How, for example, might we measure the emotional and psychological impact of losing white cultural dominance in a town where the Latino/a immigrant population suddenly rises? What price might be placed on the emotional high of feeling morally superior to “Arab terrorists”? How do we gauge the impact of collective guilt and shame associated with seeing the photographs of torture at Abu Ghraib, Iraq? How do we quantify the pleasurable thrills or psychological losses involved in a white police officer’s sexual and physical violation of a Haitian immigrant? How might the overwhelming affective stigmas generally attached to welfare and public housing accelerate the neoliberal restructuring of New Orleans in the aftermath of Hurricane Katrina? We may not be able to compute such emotional rewards and losses in the same ways that we are able to calculate the monetary advantages and disadvantages produced by racially and sexually discriminatory systems. Even so, socially shared emotions about race and sexuality have recognizable histories of circulation and expression. Because they produce real consequences that often defy reason and evidence, our hesitation to understand emotions as socially shared economies, rather than peripheral individuated sentiments, potentially limits the way we conceptualize and approach antiracist struggles for justice.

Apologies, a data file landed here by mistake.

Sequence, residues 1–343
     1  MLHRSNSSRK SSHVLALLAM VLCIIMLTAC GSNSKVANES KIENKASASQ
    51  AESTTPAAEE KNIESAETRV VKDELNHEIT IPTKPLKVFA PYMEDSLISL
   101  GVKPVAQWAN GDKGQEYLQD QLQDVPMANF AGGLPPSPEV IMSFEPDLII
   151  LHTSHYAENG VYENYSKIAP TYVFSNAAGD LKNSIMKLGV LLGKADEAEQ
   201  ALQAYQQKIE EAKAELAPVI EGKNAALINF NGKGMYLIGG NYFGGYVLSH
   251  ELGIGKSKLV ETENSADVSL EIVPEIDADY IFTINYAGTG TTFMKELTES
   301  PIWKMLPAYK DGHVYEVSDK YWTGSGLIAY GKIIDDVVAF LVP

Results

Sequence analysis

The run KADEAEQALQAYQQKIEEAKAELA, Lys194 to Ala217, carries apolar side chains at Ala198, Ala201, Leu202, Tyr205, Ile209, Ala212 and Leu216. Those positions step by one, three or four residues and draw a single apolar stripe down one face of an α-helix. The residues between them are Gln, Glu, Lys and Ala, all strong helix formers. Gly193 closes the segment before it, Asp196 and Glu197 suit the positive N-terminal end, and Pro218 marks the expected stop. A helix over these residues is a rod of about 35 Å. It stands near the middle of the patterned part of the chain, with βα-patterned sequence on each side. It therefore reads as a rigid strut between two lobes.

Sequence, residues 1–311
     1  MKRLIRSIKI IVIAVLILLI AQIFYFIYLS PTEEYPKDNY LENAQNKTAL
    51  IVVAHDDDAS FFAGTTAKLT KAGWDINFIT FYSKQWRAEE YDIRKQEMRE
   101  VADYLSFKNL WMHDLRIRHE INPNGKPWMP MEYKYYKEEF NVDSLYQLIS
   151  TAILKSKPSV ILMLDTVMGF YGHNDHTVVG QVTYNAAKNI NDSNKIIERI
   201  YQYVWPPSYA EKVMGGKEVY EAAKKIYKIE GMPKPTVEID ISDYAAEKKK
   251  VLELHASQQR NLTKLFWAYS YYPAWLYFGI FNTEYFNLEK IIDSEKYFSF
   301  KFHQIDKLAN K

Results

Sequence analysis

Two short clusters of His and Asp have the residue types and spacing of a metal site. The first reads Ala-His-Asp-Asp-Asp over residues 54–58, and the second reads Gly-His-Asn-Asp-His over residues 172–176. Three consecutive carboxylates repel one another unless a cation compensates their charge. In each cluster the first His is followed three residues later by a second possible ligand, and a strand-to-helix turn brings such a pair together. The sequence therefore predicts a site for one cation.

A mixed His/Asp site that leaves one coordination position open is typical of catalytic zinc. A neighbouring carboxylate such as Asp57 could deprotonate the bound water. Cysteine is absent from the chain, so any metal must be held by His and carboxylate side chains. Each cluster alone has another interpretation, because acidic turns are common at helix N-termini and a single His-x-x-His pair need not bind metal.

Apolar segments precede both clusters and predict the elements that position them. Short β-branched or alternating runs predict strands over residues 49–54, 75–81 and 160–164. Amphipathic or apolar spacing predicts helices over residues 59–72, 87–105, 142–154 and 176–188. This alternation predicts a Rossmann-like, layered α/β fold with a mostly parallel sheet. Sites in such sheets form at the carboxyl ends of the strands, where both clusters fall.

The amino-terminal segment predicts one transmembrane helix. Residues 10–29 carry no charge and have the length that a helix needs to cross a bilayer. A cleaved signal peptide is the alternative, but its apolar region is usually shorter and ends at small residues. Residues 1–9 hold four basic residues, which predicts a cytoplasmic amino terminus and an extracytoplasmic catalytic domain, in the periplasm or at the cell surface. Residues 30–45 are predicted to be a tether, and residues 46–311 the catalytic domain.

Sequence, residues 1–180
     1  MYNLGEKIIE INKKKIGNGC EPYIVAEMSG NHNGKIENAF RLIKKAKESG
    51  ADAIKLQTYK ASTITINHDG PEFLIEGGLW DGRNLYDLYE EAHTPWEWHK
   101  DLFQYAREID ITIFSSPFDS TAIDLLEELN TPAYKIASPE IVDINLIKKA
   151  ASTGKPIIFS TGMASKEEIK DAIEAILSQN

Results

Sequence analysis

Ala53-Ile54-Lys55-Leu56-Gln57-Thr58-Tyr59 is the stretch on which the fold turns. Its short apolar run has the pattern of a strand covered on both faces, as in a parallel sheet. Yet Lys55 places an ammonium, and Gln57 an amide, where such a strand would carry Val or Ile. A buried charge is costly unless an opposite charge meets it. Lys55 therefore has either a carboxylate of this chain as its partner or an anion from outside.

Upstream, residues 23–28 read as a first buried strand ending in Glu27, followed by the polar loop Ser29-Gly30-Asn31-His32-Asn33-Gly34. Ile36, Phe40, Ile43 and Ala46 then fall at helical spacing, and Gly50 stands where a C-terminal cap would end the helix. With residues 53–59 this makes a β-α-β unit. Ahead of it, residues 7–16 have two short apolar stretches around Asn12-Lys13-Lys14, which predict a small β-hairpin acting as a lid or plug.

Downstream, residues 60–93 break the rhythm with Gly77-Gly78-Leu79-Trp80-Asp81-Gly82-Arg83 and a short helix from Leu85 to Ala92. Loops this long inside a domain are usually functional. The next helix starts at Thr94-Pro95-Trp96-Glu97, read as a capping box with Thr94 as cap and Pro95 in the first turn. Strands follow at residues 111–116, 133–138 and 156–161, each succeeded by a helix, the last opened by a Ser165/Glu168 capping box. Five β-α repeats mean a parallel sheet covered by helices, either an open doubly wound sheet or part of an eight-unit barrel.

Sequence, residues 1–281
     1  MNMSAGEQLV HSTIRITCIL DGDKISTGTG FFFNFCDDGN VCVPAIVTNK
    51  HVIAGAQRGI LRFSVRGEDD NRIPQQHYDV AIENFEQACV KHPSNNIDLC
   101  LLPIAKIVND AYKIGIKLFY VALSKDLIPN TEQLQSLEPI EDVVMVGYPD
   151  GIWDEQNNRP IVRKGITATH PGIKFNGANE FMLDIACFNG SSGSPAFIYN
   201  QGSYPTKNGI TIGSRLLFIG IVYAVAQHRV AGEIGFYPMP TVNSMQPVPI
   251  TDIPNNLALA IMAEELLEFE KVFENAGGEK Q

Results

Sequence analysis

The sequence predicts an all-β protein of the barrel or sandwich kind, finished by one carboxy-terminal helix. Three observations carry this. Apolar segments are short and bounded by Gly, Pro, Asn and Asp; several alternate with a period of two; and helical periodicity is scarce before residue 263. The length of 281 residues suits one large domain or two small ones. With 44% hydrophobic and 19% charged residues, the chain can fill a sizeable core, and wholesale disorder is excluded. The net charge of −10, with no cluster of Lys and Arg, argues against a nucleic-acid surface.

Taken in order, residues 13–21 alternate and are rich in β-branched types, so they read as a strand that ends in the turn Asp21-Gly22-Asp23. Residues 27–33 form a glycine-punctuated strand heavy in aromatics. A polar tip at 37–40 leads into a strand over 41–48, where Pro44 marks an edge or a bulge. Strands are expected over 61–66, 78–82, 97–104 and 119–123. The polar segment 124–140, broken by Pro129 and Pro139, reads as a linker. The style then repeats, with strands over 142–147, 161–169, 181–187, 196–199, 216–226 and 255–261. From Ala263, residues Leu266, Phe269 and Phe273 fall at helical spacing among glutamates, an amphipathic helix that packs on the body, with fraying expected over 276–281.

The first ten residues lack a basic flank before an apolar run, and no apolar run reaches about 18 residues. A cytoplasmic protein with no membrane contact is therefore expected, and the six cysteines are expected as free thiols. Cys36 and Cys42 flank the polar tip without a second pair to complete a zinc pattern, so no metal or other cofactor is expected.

Emotional economies that are attached to race and sexuality are an important site of inquiry because they have the unique ability to foreclose people’s cognitive receptivity. The presumption that we can combat systemic gendered racism, nativism, and imperialism by generating more empirical facts and more reasonable arguments is severely challenged by the reality that people’s emotions often prevent and inhibit genuine engagements with knowledge. Any time our emotional structures experience danger, fear, or anxiety—affects that are all too common in discussions of systemic oppression—our capacity to integrate knowledge and participate in communicative acts also tends to diminish. Conversely, our emotional attachments to particular desires, enjoyments, and pleasures can also function to foreclose our willingness to assimilate information and to act on it. As such, in this book I not only try to show the primacy of affect in perpetuating gendered racism, nativism, and imperialism but also argue that we must contend with the distinct operations of affect and emotion if we are to unhinge the embodied and unconscious dimensions of oppression.
My focus on the significance of affective and emotional economies in post–civil rights instances of gendered racism, nativism, and imperialism is not intended to diminish the importance of monetary interests at stake in these systems. The case studies explored in this book show that people’s conscious and/or unconscious investments in gendered racial discrimination and violence can rarely be disentangled from localized, national, and global struggles over profits, property, and advantages. Rather, I am interested in the ways that people’s emotional and psychological investments compound, mitigate, or sometimes take precedence over their moneyed interests.